World

Game

Of

Sprouts

Association

Josh Purinton’s *Conway Notation Quiz* consists of a diagram and a question:

*How would you notate move 23 in the attached diagram?*

Josh originally sent this quiz to various WGOSA members in an email, a few months ago. I promptly missed it.

I should say a word about the appellation *Conway notation*. This appellation was used in some of the Math Forum messages in which the notation (WGOSA notation, the official notation of WGOSA Classic) was developed. John Conway helped with this development and did not seem to object to the appellation, but he never really gave explicit approval either, which is why the appellation is not proudly trumpeted on the website now.

I should mention that Josh Purinton has perfected an alternative notation which is in many ways superior. He calls this notation left hand path notation, or LHP for short. I once proposed that LHP be considered a second official club notation, and I still think that might be a good idea. LHP is described with mathematical precision and seems the perfect notation for computer/human interaction.

A position similar to Josh’s quiz arose in a game in the 2005 championship, which I directed. I believe I fumbled that one also. It seems to me now, referring back to our current description of Conway notation, that the canonical solution is 16(23)21![6], but if I were playing the move in a tournament, I would write simply 16(23)21[1,4,5]. (Please note that 16(23)21[2,4,5] is a legal, but completely different move.) Another correct designation is 16(23)21[2,6], but 16(23)21[6], my original answer to Josh’s email, is definitely wrong.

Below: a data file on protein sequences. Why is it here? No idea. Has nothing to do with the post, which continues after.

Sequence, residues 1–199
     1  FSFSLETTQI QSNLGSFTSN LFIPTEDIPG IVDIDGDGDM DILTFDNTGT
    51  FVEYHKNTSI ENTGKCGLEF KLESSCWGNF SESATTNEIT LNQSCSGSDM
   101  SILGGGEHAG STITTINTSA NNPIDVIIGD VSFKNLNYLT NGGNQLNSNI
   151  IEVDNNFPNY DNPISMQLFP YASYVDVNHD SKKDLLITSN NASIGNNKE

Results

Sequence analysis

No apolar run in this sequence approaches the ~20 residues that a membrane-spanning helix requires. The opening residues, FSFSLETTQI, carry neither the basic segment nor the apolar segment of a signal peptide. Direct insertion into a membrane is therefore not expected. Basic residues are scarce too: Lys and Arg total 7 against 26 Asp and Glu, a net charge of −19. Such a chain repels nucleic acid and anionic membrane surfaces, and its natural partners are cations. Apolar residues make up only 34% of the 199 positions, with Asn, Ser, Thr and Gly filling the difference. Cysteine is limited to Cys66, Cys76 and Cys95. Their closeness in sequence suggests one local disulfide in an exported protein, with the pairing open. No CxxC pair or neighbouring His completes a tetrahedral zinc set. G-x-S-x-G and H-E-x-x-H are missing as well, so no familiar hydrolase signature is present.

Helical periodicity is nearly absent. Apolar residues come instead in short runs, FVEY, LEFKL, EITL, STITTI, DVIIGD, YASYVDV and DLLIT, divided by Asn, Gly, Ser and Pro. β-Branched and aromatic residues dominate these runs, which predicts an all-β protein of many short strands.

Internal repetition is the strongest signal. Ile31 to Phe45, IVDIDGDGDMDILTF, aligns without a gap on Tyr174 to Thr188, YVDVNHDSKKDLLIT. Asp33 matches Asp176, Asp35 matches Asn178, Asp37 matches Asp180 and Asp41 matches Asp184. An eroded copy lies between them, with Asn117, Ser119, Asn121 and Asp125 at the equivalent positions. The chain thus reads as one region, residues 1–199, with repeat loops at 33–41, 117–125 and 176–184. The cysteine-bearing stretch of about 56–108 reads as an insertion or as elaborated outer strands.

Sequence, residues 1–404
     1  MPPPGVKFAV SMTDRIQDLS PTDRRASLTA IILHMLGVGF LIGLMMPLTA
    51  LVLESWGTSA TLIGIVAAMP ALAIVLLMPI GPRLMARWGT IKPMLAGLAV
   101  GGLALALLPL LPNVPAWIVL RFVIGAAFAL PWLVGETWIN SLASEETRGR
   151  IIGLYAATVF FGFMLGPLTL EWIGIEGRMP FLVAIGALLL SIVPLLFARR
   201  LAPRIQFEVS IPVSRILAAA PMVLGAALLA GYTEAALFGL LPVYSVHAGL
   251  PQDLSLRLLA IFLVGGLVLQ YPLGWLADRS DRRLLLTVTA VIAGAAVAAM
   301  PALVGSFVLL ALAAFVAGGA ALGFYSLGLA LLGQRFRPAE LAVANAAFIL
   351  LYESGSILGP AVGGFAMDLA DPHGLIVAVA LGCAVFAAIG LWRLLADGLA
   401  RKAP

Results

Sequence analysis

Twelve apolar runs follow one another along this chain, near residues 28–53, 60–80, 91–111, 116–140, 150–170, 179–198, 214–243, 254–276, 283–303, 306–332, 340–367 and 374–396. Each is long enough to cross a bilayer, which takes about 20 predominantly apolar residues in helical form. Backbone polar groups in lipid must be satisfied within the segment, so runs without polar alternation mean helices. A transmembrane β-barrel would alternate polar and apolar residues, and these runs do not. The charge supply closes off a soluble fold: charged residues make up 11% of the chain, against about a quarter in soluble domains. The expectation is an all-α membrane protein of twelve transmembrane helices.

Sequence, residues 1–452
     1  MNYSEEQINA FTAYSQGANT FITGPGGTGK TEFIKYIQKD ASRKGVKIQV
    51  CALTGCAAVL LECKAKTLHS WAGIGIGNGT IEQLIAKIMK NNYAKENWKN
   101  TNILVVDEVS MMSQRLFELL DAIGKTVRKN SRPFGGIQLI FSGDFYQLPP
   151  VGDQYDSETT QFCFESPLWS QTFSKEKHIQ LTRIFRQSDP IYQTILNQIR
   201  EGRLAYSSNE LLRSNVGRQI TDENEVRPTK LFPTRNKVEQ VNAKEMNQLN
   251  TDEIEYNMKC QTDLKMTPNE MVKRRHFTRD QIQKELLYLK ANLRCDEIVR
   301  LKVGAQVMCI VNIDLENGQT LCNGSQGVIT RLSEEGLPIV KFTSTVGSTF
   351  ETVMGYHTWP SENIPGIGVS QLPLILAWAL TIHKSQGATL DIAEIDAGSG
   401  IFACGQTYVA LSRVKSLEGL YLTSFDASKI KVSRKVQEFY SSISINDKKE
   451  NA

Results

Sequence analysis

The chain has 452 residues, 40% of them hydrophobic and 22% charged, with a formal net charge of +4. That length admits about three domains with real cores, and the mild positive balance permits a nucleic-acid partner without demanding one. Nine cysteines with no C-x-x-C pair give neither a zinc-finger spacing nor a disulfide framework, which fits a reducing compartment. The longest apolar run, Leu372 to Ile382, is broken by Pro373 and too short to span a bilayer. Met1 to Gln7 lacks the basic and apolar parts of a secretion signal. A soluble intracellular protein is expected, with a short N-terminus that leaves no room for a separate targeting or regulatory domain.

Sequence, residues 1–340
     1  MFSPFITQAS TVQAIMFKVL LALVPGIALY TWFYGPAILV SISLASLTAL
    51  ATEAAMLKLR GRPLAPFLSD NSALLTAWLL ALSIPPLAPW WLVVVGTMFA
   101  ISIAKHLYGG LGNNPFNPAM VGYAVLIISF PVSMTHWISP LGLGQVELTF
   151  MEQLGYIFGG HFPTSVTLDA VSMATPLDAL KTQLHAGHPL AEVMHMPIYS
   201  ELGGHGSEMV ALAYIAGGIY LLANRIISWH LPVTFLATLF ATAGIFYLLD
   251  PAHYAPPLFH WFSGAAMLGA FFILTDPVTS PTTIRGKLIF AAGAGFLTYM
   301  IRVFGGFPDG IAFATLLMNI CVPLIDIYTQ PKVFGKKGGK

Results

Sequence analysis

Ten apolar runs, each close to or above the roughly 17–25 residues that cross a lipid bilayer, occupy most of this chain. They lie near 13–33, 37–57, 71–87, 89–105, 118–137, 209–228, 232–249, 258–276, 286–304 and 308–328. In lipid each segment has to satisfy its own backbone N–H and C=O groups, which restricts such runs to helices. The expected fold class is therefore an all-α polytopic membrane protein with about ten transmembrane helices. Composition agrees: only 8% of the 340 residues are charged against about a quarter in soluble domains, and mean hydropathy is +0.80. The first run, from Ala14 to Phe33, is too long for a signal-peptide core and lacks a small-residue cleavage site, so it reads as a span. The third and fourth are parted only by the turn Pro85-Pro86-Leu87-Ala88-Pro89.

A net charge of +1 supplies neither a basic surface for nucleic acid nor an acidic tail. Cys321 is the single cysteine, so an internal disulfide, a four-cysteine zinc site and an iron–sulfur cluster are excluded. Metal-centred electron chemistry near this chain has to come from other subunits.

But please note the word "seems" in the previous paragraph. The exclamation mark was originally added to the notation system to resolve subtle notational perplexities. There is nothing subtle about the difference between the moves 16(23)21[1,4,5] and 16(23)21[2,4,5]. An argument perhaps could be plausibly advanced on this basis that my "canonical" 16(23)21![6] is therefore improper. I can only answer that as a tournament director, if an interpretation needed to be made, I currently would interpret 16(23)21![6] as synonymous with 16(23)21[2,6] and 16(23)21[6] as synonymous with 16(23)21[1,6]. But these days I much prefer clarity to canonicity.

One last specification that I currently consider correct is 16(23)21[4,5], again exploiting (and possibly misusing) the "clockwise bias" that was invented to prevent ambiguities related to handedness. This specification is nearly as concise as 16(23)21![6], and the absence of the exclamation could be considered an aesthetic advantage. I have often wondered if the criteria of canonicity should include a bias against exclamations.